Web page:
|Cannibal Background Information: Galaxy Evolution|
So between dynamical friction and tidal stripping, what happens to the satellite galaxies? As time goes by, dynamical friction causes the satellites to spiral inwards. As they fall in, they get stripped ever faster. Who wins? Do they reach the center, or are they ripped to shreds on the way? It depends on the structure of the satellite. Satellites which are massive and dense will fall in faster than they are stripped, and make it to the center. Small low density satellites, on the other hand, will get ripped up well before they fall to the center.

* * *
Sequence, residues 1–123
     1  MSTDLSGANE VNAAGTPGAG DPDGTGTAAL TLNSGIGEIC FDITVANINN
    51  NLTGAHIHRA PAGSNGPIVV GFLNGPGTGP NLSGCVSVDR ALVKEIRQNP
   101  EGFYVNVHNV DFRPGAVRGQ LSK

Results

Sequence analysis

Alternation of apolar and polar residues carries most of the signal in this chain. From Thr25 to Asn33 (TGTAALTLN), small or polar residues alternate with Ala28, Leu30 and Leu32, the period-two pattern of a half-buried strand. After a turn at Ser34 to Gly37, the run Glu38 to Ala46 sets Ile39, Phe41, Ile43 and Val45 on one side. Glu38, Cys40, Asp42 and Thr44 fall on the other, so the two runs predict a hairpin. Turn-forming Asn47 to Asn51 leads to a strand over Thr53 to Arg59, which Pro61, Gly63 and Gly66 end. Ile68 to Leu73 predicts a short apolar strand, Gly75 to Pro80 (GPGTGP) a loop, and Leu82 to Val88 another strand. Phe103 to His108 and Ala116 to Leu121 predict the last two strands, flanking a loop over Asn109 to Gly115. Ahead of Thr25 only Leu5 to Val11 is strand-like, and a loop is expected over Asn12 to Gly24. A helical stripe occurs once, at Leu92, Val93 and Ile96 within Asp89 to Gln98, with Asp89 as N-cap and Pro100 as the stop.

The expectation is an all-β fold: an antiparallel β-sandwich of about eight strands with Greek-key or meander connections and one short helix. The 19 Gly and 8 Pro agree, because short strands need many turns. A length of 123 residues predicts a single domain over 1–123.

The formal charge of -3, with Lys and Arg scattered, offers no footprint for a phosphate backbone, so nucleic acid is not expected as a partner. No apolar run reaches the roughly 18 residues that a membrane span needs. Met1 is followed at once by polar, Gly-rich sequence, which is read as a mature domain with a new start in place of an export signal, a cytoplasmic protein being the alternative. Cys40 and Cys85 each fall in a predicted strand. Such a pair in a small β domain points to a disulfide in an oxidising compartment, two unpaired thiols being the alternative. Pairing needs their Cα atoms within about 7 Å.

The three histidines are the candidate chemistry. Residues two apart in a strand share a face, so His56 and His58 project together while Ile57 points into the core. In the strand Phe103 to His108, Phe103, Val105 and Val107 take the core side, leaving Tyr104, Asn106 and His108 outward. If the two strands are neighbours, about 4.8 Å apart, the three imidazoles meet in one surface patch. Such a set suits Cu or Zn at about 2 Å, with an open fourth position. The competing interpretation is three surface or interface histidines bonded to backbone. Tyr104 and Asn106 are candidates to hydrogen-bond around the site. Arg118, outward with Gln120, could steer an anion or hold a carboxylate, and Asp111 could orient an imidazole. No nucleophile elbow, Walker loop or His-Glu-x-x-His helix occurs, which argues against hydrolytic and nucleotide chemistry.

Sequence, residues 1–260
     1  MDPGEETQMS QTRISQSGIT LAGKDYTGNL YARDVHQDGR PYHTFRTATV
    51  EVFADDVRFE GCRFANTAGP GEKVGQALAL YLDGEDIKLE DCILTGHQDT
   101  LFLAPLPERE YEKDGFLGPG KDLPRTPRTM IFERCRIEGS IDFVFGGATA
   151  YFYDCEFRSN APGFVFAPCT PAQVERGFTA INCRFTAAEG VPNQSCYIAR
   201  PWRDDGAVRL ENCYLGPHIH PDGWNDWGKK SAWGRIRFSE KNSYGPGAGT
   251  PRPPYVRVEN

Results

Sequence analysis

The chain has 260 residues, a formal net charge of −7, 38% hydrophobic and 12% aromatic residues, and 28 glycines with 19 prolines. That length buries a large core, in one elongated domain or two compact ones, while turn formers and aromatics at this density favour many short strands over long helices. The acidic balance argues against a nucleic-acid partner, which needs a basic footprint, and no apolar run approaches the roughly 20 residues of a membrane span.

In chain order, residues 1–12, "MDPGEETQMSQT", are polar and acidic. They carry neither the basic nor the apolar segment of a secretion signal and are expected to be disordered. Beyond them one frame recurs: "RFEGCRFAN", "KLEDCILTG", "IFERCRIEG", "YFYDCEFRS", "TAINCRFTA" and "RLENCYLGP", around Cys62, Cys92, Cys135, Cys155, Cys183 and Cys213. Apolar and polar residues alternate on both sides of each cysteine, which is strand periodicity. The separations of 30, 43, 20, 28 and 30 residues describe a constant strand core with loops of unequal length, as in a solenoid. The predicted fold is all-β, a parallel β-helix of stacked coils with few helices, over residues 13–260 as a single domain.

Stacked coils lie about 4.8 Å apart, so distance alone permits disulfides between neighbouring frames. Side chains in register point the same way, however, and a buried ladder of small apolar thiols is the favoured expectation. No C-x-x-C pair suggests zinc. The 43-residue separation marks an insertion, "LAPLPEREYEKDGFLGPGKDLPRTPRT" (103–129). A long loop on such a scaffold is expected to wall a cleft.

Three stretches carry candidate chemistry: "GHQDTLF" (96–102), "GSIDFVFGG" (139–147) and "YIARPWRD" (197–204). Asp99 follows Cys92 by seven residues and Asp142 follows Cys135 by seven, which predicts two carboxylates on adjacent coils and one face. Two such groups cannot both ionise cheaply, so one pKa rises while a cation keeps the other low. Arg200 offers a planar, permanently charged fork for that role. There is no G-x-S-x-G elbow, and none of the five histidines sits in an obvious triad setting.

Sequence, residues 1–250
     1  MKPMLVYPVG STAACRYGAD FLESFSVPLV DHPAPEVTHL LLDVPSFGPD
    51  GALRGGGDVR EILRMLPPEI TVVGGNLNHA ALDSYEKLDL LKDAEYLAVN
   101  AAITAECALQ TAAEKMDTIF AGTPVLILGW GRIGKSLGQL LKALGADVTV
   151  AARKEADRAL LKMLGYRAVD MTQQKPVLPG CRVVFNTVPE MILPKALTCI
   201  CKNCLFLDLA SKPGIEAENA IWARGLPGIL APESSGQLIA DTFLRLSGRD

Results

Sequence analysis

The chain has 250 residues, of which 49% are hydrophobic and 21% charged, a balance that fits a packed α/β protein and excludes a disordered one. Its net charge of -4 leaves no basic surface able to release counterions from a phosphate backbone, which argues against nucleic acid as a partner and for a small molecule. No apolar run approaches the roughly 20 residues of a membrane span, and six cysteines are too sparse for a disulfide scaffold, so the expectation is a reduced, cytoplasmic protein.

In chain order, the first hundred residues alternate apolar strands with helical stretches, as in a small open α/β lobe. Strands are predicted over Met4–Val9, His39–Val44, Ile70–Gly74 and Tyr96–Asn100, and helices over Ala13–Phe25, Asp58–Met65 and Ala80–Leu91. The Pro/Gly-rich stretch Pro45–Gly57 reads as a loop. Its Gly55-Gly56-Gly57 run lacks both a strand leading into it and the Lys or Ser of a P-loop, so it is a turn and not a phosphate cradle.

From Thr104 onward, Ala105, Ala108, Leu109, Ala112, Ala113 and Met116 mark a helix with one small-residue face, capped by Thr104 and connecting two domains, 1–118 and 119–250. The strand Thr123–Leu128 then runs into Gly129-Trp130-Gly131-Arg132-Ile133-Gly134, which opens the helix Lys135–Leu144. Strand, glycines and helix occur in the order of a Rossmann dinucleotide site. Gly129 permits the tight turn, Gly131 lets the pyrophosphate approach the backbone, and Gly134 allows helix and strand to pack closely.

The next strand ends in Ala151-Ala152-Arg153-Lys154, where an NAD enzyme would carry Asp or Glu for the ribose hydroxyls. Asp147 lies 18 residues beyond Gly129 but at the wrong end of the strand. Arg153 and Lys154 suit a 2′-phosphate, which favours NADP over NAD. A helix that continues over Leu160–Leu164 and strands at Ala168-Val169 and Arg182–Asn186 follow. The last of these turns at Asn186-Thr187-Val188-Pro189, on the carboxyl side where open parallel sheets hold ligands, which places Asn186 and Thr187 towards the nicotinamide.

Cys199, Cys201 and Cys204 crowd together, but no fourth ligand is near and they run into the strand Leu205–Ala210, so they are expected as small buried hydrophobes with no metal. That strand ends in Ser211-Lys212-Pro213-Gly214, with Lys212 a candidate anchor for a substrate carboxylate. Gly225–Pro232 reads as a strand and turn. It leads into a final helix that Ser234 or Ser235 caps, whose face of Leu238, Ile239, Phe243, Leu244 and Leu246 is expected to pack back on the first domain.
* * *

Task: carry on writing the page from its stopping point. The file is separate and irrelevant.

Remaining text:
Long ago, galaxies may have had many more companions than they currently do. The original companions may have either been absorbed in the center or stripped to pieces. We may be seeing only the remnants of a once-rich population of satellite galaxies.
If many satellites have been eaten by the Milky Way over the course of time, it should be filled with stars which were originally part of satellites but have been stripped out. What happens to these stars? Not much -- they continue to orbit on their own around the Galaxy, but since their individual masses are small (ie, they're just individual stars), they don't feel any more dynamical friction. So they keep orbiting in long coherent tidal streams (like strands of spaghetti), and may actually, as a whole, make up the faint luminous halo of our galaxies and others.